A Japanese sumo wrestler has died a month after suffering a head injury during a bout, as the ancient sport’s authorities come under renewed pressure to provide more urgent care to injured athletes.
Hibikiryu, a 28-year-old rikishi in one of the lower divisions, died from acute respiratory failure, the Japan Sumo Association said, despite earlier showing signs that he was recovering from his injuries.
Sumo fans reacted with horror after the wrestler, whose real name was Mitsuki Amano, landed on his head during a bout in late March and was left lying in the ring for several minutes before being given medical assistance.
He was eventually stretchered away and taken to a hospital in Tokyo where he was treated for a spinal injury. Reports said he had complained of numbness in the ambulance. Yahoo Japan said his condition had quickly deteriorated on Wednesday.
Sumo fans paid tribute to Hibikiryu on Twitter, with many critical of the the time it took to give the wrestler medical help.
“So sad … I hope this underscores the need for reform in ringside emergency medical care for rikishi,” one user wrote.
Another supported calls for reform, amid evidence of a possible link between concussion and other head injuries in sport and serious health problems, including dementia, later in life: “It was disgusting to see him left lying face down unable to move as others continued around him,” one user wrote. “I truly hope sumo brings in major medical changes now”.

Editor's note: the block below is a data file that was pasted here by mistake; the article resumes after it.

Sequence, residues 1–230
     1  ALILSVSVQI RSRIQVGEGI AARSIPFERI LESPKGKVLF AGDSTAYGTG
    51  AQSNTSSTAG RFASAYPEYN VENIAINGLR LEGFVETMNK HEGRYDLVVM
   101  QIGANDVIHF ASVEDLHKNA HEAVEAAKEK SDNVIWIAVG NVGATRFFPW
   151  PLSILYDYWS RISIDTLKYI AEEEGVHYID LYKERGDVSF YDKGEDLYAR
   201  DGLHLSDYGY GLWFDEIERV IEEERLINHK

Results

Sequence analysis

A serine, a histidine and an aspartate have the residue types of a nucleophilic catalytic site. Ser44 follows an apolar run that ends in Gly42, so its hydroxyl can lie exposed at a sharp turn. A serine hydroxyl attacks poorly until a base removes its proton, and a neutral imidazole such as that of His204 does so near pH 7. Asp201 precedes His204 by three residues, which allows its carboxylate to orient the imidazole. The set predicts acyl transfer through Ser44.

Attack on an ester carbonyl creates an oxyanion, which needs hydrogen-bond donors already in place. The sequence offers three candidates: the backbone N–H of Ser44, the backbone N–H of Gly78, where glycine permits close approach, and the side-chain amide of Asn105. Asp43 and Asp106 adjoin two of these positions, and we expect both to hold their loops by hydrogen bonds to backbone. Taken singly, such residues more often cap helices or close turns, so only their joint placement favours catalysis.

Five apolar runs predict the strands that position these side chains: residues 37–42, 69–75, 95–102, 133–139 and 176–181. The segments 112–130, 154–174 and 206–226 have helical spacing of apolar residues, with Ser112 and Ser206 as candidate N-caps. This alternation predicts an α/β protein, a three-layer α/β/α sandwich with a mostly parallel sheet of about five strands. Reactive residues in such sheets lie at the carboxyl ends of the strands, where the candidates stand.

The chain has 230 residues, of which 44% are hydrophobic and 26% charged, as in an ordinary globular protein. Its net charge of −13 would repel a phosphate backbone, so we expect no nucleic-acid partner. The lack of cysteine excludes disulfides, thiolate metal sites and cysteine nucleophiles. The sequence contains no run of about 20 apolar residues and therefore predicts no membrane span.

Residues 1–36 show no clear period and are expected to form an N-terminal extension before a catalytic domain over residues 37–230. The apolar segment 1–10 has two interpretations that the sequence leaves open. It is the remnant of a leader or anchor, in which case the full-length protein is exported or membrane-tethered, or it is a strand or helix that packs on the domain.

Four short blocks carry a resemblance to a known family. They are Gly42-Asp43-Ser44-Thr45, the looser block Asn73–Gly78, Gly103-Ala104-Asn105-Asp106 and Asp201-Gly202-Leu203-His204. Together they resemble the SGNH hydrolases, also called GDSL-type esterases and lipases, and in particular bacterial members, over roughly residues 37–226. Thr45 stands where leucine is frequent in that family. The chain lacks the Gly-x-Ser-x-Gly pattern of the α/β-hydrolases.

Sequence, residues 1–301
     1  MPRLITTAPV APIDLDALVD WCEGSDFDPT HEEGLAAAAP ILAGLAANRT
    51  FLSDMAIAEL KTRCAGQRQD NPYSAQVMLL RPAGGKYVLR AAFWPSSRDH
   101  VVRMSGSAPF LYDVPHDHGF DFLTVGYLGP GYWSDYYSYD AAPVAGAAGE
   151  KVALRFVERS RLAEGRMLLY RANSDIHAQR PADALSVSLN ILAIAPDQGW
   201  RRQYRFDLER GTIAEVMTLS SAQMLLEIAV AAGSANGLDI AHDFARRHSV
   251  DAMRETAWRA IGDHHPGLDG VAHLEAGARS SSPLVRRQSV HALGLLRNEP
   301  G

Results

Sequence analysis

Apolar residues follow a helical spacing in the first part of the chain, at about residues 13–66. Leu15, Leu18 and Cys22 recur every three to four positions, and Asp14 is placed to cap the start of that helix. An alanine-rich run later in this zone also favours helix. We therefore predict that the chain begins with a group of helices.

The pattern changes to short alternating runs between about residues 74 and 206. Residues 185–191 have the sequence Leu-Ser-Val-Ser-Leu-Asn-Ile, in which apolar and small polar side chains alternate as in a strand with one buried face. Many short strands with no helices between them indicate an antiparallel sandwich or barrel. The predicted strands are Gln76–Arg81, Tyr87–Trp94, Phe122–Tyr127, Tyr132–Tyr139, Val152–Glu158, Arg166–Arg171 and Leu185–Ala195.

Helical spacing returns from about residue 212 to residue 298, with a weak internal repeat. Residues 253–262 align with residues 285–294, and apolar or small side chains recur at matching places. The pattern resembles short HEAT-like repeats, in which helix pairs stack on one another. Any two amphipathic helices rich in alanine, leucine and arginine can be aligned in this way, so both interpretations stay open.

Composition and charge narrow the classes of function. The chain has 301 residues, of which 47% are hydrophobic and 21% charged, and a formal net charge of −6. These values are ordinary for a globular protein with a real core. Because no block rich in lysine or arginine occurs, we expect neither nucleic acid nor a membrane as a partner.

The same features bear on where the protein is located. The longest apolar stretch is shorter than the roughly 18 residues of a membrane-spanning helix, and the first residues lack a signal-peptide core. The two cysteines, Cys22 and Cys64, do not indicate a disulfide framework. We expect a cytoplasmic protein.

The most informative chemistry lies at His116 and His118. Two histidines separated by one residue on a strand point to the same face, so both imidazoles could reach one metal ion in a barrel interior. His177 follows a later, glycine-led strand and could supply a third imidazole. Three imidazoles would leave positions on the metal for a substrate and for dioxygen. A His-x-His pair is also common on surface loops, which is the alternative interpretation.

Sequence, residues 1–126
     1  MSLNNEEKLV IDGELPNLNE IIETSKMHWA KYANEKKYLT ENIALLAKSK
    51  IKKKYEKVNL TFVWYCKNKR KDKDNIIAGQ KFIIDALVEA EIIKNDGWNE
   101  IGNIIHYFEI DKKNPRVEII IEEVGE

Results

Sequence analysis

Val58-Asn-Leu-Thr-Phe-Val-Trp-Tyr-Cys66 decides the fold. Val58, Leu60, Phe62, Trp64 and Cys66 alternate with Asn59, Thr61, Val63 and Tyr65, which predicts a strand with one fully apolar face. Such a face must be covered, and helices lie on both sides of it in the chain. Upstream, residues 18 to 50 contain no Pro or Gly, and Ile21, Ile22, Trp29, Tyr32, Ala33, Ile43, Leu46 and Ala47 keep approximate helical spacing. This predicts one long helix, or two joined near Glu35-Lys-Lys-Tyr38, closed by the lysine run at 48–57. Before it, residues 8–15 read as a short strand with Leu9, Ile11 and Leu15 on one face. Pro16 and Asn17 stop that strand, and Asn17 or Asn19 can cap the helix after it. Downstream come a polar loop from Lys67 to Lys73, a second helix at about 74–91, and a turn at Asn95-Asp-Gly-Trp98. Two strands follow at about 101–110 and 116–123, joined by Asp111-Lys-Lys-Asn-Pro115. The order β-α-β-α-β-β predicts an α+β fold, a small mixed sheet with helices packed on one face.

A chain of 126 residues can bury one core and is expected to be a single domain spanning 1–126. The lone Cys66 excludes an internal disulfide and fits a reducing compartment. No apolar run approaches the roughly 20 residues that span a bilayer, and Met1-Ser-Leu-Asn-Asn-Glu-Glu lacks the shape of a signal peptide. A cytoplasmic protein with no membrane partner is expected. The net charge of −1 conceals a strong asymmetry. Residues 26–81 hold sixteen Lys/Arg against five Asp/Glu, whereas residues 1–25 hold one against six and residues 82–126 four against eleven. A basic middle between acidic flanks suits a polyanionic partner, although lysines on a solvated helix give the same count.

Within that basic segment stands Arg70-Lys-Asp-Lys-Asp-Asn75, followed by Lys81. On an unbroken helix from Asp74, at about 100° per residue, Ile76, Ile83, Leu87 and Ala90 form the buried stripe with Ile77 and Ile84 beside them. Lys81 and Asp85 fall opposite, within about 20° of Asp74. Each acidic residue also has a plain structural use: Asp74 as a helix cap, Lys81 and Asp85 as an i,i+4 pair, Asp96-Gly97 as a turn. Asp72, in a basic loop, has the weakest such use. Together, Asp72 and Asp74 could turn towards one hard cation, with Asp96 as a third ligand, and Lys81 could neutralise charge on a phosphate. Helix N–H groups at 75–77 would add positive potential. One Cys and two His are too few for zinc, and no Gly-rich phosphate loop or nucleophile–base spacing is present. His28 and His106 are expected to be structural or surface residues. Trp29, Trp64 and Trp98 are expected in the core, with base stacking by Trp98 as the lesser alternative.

The sumo association’s chairman, Hakkaku, said in a statement: “All members of the association express their deepest condolences. He fought hard like a true rikishi with the help of his family and doctors. Now I would like him to rest in peace.”
Doctors are present at sumo tournaments, but they are not positioned ringside, an arrangement that came under scrutiny earlier this year when Shonannoumi collapsed after clashing heads with his opponent. The 22-year-old eventually struggled to his feet and won his bout.
Days later, the sumo association said it would allow judges to withdraw a concussed athlete from the ring, with his opponent declared the default winner – a policy critics say encourages wrestlers to fight on even when they are concussed.
The impact of concussion in sports such as football and rugby has come under increasing scrutiny after evidence revealed in 2019 by Queen Elizabeth university hospital in Glasgow that players in those sports are at a higher risk of suffering brain injury and chronic traumatic encephalopathy (CTE), a degenerative brain condition first identified in American footballers.
Hibikiryu is thought to be the first rikishi to have died from injuries sustained in the ring. His death came almost a year after Shobushi became the first active wrestler to die, after he contracted Covid-19.